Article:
As I mentioned Eric is my first pay what you can doll. I really want to be able to help make beautiful, handcrafted toys available to all children, regardless of the family income.
If you think that Eric is just the right wee person for your family, then you can contact me either through private message on my facebook page (have you liked it yet?) or you can email me Please leave details of what you can afford to pay for him (not including p&p) and how I can contact you. Please bare in mind the cost of materials when you quote what you can pay. On Easter Sunday I will randomly choose one person and list Eric reserved for them in my Etsy shop for the agreed price plus p&p. I will contact that person and you would have 24 hours to purchase Eric before he would be offered to the next person.
I hope to be able to offer more dolls this way in the future, so do keep looking at my facebook page for more info.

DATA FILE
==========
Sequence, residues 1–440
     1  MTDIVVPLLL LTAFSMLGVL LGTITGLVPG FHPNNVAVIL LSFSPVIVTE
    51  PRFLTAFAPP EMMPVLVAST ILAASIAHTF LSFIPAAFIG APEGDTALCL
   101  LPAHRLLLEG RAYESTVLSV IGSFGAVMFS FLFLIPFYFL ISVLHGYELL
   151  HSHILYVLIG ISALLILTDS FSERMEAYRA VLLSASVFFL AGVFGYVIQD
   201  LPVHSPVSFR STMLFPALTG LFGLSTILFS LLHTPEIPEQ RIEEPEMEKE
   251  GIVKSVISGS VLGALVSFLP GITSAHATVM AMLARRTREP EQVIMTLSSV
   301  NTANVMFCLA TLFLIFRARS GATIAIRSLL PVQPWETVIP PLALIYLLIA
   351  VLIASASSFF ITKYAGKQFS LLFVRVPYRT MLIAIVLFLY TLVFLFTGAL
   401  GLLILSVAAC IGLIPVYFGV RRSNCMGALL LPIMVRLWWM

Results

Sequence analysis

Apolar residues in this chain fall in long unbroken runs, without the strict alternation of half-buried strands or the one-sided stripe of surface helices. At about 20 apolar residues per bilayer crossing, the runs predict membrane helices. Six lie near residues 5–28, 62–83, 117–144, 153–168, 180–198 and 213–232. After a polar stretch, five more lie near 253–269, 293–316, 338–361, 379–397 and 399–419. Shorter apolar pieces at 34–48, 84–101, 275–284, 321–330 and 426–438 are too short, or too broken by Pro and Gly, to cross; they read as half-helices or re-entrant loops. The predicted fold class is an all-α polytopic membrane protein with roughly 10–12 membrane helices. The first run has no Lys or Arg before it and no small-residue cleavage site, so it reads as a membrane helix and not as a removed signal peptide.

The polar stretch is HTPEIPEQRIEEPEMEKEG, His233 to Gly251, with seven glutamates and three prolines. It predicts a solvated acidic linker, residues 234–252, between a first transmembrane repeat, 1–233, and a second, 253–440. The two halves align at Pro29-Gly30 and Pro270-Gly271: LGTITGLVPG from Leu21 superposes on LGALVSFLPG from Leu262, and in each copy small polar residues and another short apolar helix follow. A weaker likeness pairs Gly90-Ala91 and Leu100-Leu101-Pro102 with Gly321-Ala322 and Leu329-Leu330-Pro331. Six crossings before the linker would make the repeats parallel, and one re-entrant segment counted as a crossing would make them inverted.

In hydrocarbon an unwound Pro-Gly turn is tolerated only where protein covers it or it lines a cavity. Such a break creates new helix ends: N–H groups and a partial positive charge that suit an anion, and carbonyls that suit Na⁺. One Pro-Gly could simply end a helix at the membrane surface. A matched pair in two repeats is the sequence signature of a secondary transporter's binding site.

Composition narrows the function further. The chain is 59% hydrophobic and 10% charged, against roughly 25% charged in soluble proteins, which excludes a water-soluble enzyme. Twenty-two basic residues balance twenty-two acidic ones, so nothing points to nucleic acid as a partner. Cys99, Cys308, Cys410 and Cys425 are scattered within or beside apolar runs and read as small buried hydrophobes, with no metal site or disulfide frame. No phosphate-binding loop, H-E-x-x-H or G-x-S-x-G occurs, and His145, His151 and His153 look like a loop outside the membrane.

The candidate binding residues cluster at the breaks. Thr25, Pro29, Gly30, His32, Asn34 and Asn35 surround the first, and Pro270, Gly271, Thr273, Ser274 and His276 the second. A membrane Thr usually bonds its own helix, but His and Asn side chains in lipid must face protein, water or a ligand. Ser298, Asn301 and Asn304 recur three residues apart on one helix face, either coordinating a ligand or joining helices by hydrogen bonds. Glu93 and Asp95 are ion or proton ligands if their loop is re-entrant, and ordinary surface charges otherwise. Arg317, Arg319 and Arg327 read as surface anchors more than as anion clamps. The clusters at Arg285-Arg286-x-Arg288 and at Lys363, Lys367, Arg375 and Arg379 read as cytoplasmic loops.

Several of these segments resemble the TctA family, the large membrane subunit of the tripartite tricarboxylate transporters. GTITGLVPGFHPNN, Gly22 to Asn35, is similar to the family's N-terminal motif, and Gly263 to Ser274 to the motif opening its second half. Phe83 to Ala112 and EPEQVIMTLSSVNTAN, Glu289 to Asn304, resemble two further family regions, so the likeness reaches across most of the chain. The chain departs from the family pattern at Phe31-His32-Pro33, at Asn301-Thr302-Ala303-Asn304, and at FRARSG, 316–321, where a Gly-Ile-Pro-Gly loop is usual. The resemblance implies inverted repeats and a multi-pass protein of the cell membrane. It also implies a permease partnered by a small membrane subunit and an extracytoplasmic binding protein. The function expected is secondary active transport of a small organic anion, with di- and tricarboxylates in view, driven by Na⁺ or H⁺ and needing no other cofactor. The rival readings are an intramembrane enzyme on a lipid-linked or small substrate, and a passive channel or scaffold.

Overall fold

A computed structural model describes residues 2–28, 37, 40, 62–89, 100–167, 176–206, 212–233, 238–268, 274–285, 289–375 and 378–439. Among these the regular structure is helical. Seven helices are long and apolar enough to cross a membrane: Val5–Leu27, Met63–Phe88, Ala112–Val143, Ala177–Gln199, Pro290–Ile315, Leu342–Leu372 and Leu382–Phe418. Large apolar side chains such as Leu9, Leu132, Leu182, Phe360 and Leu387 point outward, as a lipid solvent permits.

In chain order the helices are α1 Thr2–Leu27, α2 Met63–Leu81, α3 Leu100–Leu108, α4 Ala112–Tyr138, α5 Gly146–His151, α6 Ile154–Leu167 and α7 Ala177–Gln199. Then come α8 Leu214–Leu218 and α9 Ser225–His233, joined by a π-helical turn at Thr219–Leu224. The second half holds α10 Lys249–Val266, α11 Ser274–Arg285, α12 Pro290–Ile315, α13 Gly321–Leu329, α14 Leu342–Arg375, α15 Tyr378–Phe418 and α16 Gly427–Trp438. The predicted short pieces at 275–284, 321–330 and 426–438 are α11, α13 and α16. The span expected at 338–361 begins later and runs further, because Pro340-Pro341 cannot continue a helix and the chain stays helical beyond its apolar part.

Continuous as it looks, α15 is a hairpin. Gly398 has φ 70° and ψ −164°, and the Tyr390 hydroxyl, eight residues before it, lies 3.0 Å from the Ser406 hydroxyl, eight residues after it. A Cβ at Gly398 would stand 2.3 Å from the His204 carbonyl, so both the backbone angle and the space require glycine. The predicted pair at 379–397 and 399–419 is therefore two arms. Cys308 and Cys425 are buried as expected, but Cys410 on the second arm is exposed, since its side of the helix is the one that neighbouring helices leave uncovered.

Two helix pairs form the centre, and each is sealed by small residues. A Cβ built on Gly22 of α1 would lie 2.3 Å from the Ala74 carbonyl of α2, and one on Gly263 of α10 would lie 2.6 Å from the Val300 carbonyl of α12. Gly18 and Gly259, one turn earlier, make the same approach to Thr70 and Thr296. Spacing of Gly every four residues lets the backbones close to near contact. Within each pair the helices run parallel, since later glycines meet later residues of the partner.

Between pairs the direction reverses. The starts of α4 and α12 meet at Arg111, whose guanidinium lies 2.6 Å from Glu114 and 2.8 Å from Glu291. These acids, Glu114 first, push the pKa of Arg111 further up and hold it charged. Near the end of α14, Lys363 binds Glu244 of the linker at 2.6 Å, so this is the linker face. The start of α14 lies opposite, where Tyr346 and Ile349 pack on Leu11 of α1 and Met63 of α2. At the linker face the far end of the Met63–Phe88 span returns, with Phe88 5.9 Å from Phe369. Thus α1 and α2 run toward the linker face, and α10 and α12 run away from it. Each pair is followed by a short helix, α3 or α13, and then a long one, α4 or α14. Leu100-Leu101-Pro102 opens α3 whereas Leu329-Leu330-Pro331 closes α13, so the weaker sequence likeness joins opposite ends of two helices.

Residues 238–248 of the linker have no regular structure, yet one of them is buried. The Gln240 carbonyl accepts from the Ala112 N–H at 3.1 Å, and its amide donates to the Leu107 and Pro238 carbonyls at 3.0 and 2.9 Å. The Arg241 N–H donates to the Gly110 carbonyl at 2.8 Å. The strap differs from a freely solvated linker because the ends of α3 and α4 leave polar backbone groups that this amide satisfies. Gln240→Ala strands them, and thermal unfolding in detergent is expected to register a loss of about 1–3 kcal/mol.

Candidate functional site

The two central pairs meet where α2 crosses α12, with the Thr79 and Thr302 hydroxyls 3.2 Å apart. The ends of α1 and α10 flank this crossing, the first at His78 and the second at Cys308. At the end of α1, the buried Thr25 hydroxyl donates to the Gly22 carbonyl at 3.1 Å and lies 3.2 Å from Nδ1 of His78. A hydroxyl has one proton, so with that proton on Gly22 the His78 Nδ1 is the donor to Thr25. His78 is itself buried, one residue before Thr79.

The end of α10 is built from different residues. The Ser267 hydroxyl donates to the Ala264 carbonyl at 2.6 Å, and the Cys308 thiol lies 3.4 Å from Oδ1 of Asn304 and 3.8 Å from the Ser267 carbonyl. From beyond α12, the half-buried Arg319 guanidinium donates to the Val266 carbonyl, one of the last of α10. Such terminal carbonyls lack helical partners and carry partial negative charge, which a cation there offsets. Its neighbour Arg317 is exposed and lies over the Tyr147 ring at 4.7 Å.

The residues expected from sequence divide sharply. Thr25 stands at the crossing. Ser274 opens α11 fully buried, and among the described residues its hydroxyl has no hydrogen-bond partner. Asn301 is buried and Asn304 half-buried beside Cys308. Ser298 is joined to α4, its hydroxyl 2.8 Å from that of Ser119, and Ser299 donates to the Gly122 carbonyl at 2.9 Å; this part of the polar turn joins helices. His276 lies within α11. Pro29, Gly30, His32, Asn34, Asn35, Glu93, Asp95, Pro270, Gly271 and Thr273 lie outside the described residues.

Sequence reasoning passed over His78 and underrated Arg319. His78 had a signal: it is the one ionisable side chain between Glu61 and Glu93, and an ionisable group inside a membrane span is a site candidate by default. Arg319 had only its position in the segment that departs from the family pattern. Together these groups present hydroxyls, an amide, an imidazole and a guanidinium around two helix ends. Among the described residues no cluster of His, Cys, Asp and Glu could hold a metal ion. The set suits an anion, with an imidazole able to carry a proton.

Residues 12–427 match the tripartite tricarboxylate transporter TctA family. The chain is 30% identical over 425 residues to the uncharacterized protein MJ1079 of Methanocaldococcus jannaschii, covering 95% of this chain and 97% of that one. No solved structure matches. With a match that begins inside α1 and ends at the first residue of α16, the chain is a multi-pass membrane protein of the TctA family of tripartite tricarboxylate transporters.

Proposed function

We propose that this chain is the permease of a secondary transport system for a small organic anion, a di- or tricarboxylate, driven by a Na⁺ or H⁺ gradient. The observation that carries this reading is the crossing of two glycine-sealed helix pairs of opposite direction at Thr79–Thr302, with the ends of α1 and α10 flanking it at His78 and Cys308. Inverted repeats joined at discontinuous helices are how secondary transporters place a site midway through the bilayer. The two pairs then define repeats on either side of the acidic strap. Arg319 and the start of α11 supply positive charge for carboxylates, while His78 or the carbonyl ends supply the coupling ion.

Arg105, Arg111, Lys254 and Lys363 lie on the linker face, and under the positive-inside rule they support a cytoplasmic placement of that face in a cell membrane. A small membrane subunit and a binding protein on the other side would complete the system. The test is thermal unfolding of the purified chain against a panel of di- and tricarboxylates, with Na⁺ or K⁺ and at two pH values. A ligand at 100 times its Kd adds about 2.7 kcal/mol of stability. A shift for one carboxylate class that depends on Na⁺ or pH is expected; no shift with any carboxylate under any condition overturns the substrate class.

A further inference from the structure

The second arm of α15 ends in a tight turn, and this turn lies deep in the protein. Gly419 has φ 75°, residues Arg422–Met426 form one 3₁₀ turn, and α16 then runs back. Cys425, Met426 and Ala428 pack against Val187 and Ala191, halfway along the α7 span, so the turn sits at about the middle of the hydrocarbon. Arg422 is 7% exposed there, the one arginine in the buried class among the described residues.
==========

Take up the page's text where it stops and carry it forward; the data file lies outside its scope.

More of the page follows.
I would ask you to really think about what you can pay for a waldorf doll like this. If you sincerely can afford a normal priced doll I would ask you not to try and get him as a 'bargain', but to allow this offer to stay open to a family who genuinely couldn't afford normal waldorf doll prices.
...and do please feel free to share this post with anyone you feel might be interested in Eric :-)

Wednesday, March 20, 2013

battling with bad dreams

Bad dreams are one of those big things in childhood I think. They are as real as any life experience. I don't know much behind the meaning of dreams or the why's or wherefores but I do know that they happen and when they happen they can be very upsetting.